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I am using Git for a Visual Studio solution. Here is the structure of the sol.

myProject.Domain, myProject.Common, myProject.Core, webClientForCustomer1, webClientForCustomer2

As the names imply, webClient projects all depend on Domain, Common and Core projects. I create a new web client app for each customer and make UI customizations. I add new features to other three projects, so web client projects must be updated with the new features.

What is your suggestion to model my repository into branches?

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3 Answers 3

"model my repository into branches?"

That sound dangerously close to the "Subversion cheap copy" representation of branches. Submodules are much better suited for identifying different group of files.

A branch is, especially in Git or other VCS for which "branch" is a first-class citizen, a way to isolate your work from other parallel work.
Creating branches is not something you do because you have myProject.xxx directories, but because you want to isolate your development effort from other activities (like maintaining your current application, making a fix, doing a refactoring, and so on)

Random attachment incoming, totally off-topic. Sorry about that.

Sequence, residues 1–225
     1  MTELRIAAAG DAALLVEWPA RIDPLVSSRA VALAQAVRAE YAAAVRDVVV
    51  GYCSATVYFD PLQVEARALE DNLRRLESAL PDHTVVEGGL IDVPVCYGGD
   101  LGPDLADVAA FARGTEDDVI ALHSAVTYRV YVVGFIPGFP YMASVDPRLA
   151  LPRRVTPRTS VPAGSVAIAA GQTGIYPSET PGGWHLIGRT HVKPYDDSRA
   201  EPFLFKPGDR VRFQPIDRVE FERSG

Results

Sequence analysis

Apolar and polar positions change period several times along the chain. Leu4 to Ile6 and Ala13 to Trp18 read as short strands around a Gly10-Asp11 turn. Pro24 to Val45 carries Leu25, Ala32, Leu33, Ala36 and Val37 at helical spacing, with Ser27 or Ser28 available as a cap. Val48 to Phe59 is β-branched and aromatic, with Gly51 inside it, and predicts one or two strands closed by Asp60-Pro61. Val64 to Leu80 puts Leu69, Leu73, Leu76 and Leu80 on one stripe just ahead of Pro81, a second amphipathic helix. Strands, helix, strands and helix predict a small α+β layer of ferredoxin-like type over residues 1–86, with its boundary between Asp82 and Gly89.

Plus, with Git, there is also the notion of publication (to other Git repositories).
Jakub Narębski has an excellent post on that issue

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I don't think I am alone in not liking the way SVN does things, but if you have been using it for a while, git will take a bit of getting used too, but well worth it of course! –  Chris Huang-Leaver Jun 24 '09 at 14:31
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I'm not sure branching is what you want. I'd consider one repo for your frameworks, and a repo each for your clients. Then I'd use Git Submodules to link your framework into the client project, just like it really lived there. Check the Git User's Manual chapter 8 for more

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Have you considered using submodules rather than branches for your Domain, Common and Core projects?

From the git submodules man page:

Submodules allow foreign repositories to be embedded within a dedicated subdirectory of the source tree, always pointed at a particular commit.

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